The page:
1998: The State condemns 305 acres at Awāwamalu for incorporation into the proposed Ka Iwi State Park while the city completes the purchase of the land near Sandy Beach Park once targeted for development. The City of Honolulu rezones Queen’s Beach in response to a ten-year effort by the  community to stop major hotel development on the coast between Sandy Beach and Makapu‘u. After a long court  fight, the Hawaii Supreme Court finally affirmed the rezoning in 1991.

2002: City purchases the land near Sandy Beach Park once targeted for development.
2004: Organizers from Save Sandy Beach mentors new community grassroots nonprofit called Livable
Hawaii Kai Hui and together they create the Ka Iwi Coalition, a committee forever vigilant to keep the Ka Iwi coast, mauka- to-makai, in its wild and natural state.
2006: Community launches “No Cabins on Ka Iwi” campaign following plans for 180 “resort cabins” on the Ka Iwi coast mauka land residential subdivision. Responding to community pressure, the state Legislature unanimously passes a resolution asking the Department of Land and Natural Resources to develop a park plan for the Ka Iwi coast.

2009: New developer purchases the 182-acre  Ka Iwi mauka lands for $9 million and announces plans
to build a “golf academy” and visitor facilities.
2010: Urged by community, the State re-designates the coastal Awāwamalu lands from “urban” to “conservation.” The state condemns and buys Queen’s Beach for incorporation into the proposed Ka Iwi State Park, while the city completes the purchase of the land near Sandy Beach Park once targeted for development.

2011: Ka Iwi Coalition, now a committee under the nonprofit Livable Hawai‘i Kai Hui, initiates discussion of a purchase of the Ka Iwi coast mauka lands. Ka Iwi Coalition contacts the Trust for Public Land for help. Developers announce plans for a complex of 180 “resort cabins” on the remaining undeveloped mauka ridges above the Ka Iwi coast. Responding to community opposition organized by the Ka Iwi Coalition, the city of Honolulu tightens rules for developing preservation-zoned land.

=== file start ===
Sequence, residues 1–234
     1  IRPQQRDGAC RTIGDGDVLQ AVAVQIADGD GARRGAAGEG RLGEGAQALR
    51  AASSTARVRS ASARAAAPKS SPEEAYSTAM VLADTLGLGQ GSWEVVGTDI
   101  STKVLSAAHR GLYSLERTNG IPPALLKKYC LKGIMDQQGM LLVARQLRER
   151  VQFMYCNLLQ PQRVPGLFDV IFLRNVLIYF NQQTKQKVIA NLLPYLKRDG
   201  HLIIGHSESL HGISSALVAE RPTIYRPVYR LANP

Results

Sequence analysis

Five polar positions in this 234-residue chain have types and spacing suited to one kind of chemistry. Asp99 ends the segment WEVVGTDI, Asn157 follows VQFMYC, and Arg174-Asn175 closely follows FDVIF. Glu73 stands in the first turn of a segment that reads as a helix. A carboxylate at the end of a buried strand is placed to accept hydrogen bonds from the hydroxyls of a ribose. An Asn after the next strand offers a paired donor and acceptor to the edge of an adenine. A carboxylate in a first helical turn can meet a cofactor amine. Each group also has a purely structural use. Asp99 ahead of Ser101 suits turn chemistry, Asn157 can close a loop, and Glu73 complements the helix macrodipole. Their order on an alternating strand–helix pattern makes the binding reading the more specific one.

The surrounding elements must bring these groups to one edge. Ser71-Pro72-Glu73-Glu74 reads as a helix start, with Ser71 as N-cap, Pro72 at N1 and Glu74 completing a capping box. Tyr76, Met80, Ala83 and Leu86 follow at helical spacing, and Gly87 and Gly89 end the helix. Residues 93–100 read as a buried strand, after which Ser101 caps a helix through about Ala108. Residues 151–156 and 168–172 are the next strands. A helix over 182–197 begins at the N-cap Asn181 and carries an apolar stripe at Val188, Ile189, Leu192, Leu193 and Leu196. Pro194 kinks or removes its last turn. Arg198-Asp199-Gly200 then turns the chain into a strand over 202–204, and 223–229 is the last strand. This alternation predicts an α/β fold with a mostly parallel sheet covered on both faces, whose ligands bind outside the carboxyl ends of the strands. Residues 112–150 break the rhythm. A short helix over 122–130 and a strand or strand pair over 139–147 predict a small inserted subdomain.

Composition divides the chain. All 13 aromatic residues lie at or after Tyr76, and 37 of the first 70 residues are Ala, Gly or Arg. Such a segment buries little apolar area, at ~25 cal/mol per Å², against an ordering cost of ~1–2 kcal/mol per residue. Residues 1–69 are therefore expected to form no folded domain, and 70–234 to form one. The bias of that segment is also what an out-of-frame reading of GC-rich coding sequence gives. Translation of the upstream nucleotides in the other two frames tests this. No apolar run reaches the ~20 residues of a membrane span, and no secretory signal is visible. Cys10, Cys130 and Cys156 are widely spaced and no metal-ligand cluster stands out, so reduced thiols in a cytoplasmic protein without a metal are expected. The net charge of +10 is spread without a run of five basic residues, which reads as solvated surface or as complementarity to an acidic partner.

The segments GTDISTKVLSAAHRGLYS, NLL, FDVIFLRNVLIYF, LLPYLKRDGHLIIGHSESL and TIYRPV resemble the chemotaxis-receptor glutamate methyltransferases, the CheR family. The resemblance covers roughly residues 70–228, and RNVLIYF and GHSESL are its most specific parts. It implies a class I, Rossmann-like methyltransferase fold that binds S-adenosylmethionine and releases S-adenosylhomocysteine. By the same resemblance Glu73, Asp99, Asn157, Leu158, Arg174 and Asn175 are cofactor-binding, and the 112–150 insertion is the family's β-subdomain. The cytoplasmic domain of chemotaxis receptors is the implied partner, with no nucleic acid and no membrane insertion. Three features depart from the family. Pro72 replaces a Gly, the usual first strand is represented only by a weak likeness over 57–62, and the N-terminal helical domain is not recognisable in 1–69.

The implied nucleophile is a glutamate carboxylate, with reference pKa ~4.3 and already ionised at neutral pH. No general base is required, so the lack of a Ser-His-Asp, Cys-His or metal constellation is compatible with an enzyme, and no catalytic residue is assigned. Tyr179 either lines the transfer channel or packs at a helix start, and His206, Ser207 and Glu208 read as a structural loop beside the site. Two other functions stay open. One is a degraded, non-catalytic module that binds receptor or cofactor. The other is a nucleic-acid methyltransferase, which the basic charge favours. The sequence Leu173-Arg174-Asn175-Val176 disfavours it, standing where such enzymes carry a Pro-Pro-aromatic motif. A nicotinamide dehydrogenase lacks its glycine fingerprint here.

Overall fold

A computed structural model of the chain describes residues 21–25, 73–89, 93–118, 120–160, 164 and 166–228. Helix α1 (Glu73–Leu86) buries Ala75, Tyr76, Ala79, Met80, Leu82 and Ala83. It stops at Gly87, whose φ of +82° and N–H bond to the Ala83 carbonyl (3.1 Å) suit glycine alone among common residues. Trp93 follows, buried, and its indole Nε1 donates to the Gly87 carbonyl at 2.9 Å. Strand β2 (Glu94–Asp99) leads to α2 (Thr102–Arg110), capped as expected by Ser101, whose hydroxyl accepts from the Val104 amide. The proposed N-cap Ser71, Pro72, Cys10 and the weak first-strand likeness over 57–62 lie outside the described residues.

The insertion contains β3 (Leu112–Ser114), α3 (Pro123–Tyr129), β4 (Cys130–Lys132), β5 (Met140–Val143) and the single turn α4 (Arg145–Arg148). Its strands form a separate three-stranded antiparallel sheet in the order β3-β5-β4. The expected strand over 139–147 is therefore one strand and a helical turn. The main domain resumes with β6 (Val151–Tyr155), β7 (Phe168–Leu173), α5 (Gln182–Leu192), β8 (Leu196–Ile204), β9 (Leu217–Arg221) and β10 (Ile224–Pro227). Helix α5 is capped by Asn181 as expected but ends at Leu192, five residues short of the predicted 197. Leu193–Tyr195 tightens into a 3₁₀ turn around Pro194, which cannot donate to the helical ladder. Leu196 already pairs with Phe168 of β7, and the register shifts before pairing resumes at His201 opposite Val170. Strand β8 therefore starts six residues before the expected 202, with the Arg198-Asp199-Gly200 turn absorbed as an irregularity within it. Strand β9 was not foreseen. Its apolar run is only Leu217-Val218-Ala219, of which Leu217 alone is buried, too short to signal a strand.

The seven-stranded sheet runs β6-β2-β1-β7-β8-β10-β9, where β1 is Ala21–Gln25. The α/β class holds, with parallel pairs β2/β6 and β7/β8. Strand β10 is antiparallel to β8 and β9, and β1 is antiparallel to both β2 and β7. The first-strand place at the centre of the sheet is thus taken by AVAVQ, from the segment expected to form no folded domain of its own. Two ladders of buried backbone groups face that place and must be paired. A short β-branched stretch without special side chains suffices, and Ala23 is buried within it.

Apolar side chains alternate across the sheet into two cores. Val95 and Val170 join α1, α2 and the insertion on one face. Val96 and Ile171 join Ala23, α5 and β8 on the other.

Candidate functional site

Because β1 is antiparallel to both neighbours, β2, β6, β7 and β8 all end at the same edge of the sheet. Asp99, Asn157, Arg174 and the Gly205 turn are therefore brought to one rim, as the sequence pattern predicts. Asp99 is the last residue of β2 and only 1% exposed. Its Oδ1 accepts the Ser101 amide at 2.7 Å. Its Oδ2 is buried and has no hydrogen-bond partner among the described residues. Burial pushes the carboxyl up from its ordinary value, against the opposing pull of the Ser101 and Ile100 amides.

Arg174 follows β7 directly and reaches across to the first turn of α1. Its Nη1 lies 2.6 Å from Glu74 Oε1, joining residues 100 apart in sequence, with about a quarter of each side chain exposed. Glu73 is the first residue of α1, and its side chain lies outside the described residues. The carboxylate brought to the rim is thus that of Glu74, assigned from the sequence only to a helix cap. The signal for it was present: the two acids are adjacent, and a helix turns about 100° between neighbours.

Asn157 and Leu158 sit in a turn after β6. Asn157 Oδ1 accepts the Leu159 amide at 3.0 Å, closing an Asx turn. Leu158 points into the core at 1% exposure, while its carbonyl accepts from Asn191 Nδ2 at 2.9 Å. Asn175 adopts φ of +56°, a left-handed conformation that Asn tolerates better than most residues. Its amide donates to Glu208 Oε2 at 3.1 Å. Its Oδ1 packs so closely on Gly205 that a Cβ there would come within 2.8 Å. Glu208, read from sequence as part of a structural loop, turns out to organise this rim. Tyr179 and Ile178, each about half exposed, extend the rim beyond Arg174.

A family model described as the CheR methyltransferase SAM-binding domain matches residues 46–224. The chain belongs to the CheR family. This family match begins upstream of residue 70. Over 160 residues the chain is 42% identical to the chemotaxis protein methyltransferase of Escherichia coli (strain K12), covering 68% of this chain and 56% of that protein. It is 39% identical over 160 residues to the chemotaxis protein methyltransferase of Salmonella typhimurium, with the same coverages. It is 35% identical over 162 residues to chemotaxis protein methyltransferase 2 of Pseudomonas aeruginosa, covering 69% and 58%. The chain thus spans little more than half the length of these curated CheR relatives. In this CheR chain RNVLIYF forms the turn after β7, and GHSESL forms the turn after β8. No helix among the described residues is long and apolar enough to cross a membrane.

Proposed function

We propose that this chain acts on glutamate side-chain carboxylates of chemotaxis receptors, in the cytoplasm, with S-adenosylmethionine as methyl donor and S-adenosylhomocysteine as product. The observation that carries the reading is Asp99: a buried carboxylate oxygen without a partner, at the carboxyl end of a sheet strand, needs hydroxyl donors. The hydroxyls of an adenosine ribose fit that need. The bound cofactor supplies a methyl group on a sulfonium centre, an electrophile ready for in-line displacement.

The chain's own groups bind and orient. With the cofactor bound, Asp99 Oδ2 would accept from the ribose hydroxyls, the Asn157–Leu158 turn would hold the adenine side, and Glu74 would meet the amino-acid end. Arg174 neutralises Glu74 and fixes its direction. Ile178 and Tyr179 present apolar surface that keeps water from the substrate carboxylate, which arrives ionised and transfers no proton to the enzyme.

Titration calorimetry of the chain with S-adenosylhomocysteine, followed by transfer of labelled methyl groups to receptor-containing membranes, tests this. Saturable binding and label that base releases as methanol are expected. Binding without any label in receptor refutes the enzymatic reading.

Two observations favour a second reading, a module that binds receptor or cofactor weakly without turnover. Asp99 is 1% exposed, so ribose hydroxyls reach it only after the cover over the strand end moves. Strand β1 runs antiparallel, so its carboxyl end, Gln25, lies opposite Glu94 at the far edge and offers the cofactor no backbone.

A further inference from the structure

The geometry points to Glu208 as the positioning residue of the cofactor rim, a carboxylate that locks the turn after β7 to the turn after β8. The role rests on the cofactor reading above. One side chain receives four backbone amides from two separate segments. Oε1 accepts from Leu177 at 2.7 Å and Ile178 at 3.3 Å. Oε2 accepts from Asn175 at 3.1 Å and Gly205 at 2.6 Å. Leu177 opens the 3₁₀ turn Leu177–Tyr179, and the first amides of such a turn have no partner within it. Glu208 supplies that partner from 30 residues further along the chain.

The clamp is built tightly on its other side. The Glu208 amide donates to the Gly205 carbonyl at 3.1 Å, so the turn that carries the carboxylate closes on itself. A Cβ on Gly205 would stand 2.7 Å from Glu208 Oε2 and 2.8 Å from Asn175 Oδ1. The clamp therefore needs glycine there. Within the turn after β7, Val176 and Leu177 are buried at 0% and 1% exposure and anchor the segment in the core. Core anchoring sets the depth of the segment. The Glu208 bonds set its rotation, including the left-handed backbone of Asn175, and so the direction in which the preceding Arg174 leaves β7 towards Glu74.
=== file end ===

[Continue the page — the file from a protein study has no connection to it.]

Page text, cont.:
2014: The City Clean Water and Natural Lands Program, and the State Legacy Land Conservation Program award $3.5M  toward the purchase of the mauka parcels.
2015: The community raises $600,000 in three months to cap off funds needed for Ka Iwi mauka land acquisition and start up stewardship.
2018: Ka Iwi Explorations 2018
Two days of guided hikes on Parcel 1 are opened to the public. New partners join the Ka Iwi Coalition. Livable Hawaii Kai Hui and The Trust for Public Land welcome Hui Nalu Canoe Club, Kamehameha Schools and Sierra Club of Hawai’i O’ahu Group. You helped save the Ka Iwi coast mauka Lands, completing this 40 year movement to protect the entire Ka Iwi coast.

Friends of the Ka Iwi Coast

Hawaii Thousand Friends
Hawaii Kai Neighborhood Board
Kailua Neighborhood Board
Ka Iwi Action Council
Ka Iwi Coalition
Kuliouou/Kalani Iki Neighborhood Board
Livable Hawaii Kai Hui
Sandy Beach Initiative Coalition
Save Sandy Beach
Save Queen’s Beach
Sierra Club Hawai‘i chapter
Waimanalo Neighborhood Board

We are a 501(c)(3) non-profit, non-partisan community organization serving East Honolulu, established in 2004. Officers and Directors are pro bono. We encourage grassroots organizing, believe in open dialogue and disclosure guaranteed under the Sunshine Law. We strive to promote sensible growth and respect for the land. We would like to give you the opportunity to stay in touch with us, our community, and its issues.